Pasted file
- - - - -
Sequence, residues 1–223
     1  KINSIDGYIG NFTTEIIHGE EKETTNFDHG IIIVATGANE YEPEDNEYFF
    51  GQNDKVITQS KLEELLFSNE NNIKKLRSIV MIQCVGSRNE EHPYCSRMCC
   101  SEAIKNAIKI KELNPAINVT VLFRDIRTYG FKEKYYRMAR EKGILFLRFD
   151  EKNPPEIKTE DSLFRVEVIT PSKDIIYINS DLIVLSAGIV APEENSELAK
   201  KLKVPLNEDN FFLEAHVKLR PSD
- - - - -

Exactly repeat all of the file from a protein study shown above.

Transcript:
Sequence, residues 1–223
     1  KINSIDGYIG NFTTEIIHGE EKETTNFDHG IIIVATGANE YEPEDNEYFF
    51  GQNDKVITQS KLEELLFSNE NNIKKLRSIV MIQCVGSRNE EHPYCSRMCC
   101  SEAIKNAIKI KELNPAINVT VLFRDIRTYG FKEKYYRMAR EKGILFLRFD
   151  EKNPPEIKTE DSLFRVEVIT PSKDIIYINS DLIVLSAGIV APEENSELAK
   201  KLKVPLNEDN FFLEAHVKLR PSD